Teacher Effectiveness

Several Tennessee colleges rank high for teacher prep in national study

PHOTO: Tajuana Cheshier
Sharpe Elementary reading interventionist Valencia Ealy works one-on-one with a student on vocabulary words last year in Memphis. Shelby County Schools has started its own program to address lagging literacy scores.

Tennessee was lauded Wednesday by the National Council on Teacher Quality (NCTQ) for its concentration of high-quality teacher training programs and a revamped evaluation system.

Tennessee’s legislators in recent years have changed the way teachers are certified and evaluated in an effort to weed out chronically-underperforming teachers.  Many efforts to improve the state’s teaching corps have been targeted toward the state’s teachers’ colleges.

Tennessee was one of just three states (Texas and Ohio were the others) in the country receiving such recognition by the organization which based its rankings on admissions, content preparation and practice teaching.

“Tennessee is one of the highest performing states in the review,” said Kate Walsh, president of the National Council on Teacher Quality.  “We attribute at least some of that to strong regulation.  The state has passed some high impact regulations and teachers are tested in every subject they’re going to teach.  The state also has a really good state-wide evaluation with TEAM (Tennessee Educator Acceleration Model).”

TEAM is one of the models used in the state to evaluate teacher performance. It’s largely based on data and classroom observations.   Tennessee teachers and their advocacy groups have protested the use of test scores and observations, saying they are an inaccurate and incomplete picture of a teacher’s skillsets.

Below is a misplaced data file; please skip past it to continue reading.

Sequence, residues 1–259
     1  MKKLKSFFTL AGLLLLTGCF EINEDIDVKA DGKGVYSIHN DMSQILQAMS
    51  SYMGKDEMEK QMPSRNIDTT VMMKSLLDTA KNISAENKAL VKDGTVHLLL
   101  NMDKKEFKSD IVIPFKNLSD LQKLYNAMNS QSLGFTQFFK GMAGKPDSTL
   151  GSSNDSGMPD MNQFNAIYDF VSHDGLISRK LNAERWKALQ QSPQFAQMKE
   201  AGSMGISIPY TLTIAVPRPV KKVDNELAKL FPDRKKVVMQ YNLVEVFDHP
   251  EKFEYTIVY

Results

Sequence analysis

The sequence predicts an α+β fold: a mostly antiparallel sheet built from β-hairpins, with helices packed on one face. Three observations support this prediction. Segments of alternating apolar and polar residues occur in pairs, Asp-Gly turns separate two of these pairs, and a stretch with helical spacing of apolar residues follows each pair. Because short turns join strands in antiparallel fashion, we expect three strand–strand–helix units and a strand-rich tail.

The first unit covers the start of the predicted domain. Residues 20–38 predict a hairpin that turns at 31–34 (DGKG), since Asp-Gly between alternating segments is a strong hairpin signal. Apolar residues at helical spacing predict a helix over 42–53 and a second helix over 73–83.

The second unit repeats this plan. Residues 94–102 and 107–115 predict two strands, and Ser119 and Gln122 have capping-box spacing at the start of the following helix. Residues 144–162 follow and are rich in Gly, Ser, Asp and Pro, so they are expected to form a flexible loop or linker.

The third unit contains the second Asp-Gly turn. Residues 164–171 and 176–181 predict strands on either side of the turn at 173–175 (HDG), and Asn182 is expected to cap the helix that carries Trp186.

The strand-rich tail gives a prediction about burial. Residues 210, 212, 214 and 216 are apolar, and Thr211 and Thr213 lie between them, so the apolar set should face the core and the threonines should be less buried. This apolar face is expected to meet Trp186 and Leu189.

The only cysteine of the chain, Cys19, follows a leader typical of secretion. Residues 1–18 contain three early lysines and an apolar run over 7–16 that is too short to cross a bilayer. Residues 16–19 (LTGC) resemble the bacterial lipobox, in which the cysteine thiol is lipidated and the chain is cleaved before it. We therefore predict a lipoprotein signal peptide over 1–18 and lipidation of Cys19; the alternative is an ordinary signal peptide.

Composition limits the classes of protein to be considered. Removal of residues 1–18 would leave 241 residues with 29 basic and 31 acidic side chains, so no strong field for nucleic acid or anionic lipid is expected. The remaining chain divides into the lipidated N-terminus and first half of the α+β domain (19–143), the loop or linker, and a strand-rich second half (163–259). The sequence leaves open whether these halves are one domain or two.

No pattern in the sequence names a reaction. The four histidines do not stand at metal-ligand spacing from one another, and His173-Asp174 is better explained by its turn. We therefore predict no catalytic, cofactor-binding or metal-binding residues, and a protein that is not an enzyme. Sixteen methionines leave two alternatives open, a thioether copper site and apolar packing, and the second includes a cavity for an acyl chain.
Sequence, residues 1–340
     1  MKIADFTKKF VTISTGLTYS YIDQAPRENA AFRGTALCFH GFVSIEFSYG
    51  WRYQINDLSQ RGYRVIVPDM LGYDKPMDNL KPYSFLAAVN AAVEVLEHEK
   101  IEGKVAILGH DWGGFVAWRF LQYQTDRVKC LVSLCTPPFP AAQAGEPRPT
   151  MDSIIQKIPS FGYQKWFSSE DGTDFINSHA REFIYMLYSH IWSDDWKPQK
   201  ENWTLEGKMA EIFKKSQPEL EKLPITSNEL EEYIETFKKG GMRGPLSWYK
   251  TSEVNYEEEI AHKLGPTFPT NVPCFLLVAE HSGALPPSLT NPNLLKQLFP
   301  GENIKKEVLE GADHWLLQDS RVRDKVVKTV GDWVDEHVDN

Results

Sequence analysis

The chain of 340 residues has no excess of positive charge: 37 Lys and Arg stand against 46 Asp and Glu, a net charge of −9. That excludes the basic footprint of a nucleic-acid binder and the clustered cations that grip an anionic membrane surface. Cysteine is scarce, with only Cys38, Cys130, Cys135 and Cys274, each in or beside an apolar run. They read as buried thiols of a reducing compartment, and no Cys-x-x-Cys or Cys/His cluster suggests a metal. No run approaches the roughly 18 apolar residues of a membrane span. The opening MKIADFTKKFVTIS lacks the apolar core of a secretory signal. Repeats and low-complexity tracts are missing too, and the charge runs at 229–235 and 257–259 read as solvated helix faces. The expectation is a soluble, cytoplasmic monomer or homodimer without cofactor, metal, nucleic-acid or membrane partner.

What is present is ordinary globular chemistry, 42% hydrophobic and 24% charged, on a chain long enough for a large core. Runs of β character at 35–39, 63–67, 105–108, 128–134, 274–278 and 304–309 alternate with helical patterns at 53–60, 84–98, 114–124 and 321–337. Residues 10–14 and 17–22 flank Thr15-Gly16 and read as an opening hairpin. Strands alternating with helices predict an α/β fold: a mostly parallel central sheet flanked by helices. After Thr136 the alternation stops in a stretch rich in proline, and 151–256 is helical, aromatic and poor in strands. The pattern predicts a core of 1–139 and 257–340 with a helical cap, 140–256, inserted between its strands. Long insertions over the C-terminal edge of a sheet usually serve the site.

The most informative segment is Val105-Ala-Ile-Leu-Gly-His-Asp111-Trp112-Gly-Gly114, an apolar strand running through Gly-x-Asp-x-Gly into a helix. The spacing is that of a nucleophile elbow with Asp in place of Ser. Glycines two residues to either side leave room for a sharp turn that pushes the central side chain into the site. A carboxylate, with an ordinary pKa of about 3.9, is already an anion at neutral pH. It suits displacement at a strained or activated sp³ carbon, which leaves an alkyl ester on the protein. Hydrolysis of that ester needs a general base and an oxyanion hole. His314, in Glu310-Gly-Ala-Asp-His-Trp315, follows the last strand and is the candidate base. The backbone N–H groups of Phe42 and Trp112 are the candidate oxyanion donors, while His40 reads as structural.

Lipscomb University in Nashville was ranked the second top school in the country for educating middle and high school teachers and 14th in the country for educating elementary teachers.  The organization cited, among other things, the school’s “thorough” admissions process for its graduate elementary program.

NCTQ, a non-partisan group that advocates for teacher reform, looks for colleges that are raising their standards for students to get into teacher prep programs.

“It’s too easy to get into a school of education,” Walsh said.

The University of Memphis, where Shelby County Schools gets a large portion of its teaching staff, is doing just that in fall.

Beginning this fall, U of M students entering the school’s teacher education program must have a 3.0 grade point average.  The current requirement is 2.75 grade point average. The school’s program ranked 27th in elementary and 28th in secondary education.

“We’re using testing data to guide instruction to meet the needs of the student (teachers) on the elementary level with struggling readers and on the secondary level to improve assessment and data, which also helps with classroom management,”  said Ernest Rakow, interim dean for college of education, health and human science.

Middle Tennessee State University, Union University, Vanderbilt University, East Tennessee State University, Tennessee Technological University, University of Tennessee at Martin, Austin Peay State University, Maryville College and the University of Tennessee at Chattanooga were also given high rankings in the report.

The report also raises concern about alternative certification programs which allow people to teach without a traditional education degree or license.

In the examination of the alternative certification programs, researchers looked at admission requirements, early supports and practices.  Walsh said researchers were concerned that too many programs were making it sound “easy” to become a teacher.

Teach Tennessee, a Tennessee Department of Education program, received a D-minus in the study.

The state’s policy allows alternative certification teachers to forgo testing if they have 24 credits of schedule course hours of relevant coursework on their college transcript.

Walsh added the purpose of the study is to give potential students the information about which colleges and universities are best preparing teachers.  “We need to engage the consumers and give them really good information so they can make better choices on what programs to avoid and consume,” she said. “We want to use the power of the marketplace to force programs to feel the competition to change because it’s incumbent upon them to change.”

Critics of the annual NCTQ study have argued that the organization evaluates how well a school’s offerings adhere to a uniform and maybe questionable set of criteria rather than judging how well teaching methods work in practice.

Read the full study here.

Contact Tajuana Cheshier at tcheshier@chalkbeat.org and (901) 730-4013.